Forgiveness is so important in good relationships, whether with God or with each other. So why is it often uncomfortable to talk about? I think this is partly because forgiving requires open, honest, and intimate communication about our emotions and so many of us find that very difficult. Of course, in church forgiveness is connected with talk about sin and therefore is also connected with the spiritual baggage we gain when the concept of sin is misused, as it often is. But forgiveness is critical for restoring damaged relationships. Forgiveness at its best is transformative so that the past need not dictate the future. In other words, forgiving can open up new possibilities in our lives.
Forgiveness is an act of courage. It can be surprisingly difficult to let go of pain and bitterness, anger and resentment, shame and guilt – even when these things threaten to consume us and deaden our spirits. But practicing forgiveness is important for our spiritual health and it takes practice. We often have to do it more than once. It takes time and persistence. Perhaps this is why Jesus tells Peter to forgive 70 times 7 times (that’s 490 times!). That’s an abundance of forgiveness!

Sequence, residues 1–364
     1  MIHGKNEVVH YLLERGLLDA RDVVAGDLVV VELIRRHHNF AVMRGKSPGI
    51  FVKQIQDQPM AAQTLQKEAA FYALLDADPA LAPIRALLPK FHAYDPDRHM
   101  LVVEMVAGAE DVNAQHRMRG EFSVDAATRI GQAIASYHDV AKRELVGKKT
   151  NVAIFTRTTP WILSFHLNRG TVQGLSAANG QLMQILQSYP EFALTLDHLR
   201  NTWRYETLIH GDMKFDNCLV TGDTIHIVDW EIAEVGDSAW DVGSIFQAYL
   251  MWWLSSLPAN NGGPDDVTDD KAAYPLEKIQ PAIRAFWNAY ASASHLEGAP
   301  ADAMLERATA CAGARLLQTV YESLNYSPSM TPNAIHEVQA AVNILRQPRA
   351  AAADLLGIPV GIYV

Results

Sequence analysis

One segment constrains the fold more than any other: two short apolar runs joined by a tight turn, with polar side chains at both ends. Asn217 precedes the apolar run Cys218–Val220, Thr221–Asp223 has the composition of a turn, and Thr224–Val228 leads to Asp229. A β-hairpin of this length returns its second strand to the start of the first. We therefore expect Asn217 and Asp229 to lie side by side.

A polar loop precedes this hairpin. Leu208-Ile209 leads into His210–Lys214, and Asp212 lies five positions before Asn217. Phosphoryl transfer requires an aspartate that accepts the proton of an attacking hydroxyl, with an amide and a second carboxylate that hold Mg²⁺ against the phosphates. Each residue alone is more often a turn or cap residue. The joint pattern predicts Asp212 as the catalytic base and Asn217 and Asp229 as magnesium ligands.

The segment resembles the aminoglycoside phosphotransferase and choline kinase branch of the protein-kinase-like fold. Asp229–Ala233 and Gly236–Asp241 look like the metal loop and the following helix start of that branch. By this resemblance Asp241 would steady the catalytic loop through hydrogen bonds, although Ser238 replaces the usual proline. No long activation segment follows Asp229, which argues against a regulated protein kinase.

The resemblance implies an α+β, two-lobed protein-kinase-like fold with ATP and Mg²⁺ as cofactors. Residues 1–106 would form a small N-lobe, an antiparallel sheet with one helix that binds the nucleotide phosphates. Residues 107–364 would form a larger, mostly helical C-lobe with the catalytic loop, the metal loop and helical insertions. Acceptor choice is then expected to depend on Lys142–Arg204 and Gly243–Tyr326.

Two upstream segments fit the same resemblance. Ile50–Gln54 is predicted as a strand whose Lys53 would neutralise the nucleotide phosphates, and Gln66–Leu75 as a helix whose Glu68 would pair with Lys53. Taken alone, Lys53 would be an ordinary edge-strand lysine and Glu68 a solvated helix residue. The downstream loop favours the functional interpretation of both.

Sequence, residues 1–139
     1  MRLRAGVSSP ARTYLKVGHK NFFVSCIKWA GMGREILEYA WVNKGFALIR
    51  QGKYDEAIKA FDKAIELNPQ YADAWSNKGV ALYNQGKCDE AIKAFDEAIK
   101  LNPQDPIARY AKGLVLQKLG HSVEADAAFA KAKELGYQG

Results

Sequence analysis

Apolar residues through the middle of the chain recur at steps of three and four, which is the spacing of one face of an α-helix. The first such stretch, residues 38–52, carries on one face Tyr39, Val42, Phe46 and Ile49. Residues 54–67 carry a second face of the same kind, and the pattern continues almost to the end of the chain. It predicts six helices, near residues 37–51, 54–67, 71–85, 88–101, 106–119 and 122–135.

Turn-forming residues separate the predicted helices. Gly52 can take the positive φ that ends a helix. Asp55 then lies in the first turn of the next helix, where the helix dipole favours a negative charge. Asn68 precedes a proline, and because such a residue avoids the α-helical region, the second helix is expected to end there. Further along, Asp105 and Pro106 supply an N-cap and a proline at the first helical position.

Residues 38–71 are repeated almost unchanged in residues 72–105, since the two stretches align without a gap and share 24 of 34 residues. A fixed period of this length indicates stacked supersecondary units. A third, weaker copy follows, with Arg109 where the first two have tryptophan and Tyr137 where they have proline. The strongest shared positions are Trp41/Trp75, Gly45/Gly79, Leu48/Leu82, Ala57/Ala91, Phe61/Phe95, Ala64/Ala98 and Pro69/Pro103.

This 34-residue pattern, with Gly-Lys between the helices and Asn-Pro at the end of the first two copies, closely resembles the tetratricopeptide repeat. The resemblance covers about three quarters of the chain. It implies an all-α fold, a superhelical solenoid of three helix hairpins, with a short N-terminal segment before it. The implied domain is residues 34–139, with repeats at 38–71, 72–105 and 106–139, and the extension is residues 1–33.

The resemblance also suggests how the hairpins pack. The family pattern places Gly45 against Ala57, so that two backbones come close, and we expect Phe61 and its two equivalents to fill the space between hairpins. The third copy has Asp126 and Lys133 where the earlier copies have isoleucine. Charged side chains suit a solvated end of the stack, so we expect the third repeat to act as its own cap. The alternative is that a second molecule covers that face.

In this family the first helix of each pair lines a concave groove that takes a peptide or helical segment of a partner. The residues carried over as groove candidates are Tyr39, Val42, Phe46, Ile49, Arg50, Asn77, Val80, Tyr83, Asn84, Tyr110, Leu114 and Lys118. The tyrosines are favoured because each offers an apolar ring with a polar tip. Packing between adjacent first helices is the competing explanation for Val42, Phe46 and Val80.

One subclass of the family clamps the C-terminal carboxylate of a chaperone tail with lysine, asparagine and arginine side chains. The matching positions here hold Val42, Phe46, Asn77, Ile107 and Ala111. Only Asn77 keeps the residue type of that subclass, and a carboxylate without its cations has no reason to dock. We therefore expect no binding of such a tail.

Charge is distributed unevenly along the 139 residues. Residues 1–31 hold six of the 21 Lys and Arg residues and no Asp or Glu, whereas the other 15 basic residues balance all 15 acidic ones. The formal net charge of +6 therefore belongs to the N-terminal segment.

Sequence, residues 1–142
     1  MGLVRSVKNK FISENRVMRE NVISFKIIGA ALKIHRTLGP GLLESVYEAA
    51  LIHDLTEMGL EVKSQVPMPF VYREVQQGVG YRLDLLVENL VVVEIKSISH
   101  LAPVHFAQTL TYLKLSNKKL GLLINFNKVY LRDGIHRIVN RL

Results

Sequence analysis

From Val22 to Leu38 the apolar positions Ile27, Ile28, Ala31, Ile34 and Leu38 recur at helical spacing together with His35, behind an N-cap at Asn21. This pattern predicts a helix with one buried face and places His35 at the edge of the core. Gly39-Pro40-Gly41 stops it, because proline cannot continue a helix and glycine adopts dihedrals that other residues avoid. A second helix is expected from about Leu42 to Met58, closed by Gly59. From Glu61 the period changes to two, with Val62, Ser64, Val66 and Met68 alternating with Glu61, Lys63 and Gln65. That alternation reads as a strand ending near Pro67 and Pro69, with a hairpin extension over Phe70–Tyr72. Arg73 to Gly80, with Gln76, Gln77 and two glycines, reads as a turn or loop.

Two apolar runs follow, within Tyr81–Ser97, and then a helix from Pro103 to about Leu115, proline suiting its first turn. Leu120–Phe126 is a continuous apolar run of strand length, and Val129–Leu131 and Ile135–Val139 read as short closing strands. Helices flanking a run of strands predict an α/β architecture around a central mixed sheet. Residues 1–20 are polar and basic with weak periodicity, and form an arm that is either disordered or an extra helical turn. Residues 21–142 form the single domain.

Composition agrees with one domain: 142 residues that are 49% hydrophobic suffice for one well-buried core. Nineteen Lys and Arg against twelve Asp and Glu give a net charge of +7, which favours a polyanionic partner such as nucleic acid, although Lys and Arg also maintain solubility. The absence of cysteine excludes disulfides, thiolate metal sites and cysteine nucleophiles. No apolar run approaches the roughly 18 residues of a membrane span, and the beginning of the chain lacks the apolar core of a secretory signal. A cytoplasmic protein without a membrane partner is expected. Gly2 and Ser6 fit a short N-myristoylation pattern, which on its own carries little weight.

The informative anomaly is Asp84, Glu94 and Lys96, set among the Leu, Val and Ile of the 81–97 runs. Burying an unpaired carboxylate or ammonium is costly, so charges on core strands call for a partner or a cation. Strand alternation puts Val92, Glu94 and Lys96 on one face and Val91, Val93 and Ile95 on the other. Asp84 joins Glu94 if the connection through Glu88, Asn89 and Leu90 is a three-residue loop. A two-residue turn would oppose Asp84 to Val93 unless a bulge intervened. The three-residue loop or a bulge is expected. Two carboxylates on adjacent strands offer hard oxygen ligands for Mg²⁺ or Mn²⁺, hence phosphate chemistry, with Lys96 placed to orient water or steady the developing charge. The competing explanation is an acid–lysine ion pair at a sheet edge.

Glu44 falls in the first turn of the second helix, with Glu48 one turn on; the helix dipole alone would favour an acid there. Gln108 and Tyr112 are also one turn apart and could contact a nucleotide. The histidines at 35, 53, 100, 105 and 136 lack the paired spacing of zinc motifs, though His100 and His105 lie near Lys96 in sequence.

When we can’t forgive, we are asked to keep forgiving anyway until it wears down our walls of pain, hate and bitterness. Each time we make an effort to forgive is like taking a hammer to those walls. Even if they don’t come down at first, Jesus tells us to keep forgiving, keep hammering, until the walls are gone, until the way to restoration is clear. To forgive seventy times seven times is to practice forgiving until it becomes ingrained in our very souls. To forgive from our hearts is to make God’s love the ruler of our hearts, not our pain and bitterness. To forgive from our hearts is to free ourselves from the grip of the past, to make possible the restoration of relationship that might otherwise be lost, and to open the future to new possibilities. Whom are we being called to forgive today? For what do we need to be forgiven?
(I originally wrote this short reflection for my church’s newsletter. It was inspired by my sermon from Sunday, September 17, 2017. The church’s website is http://www.phoenixchurch.org)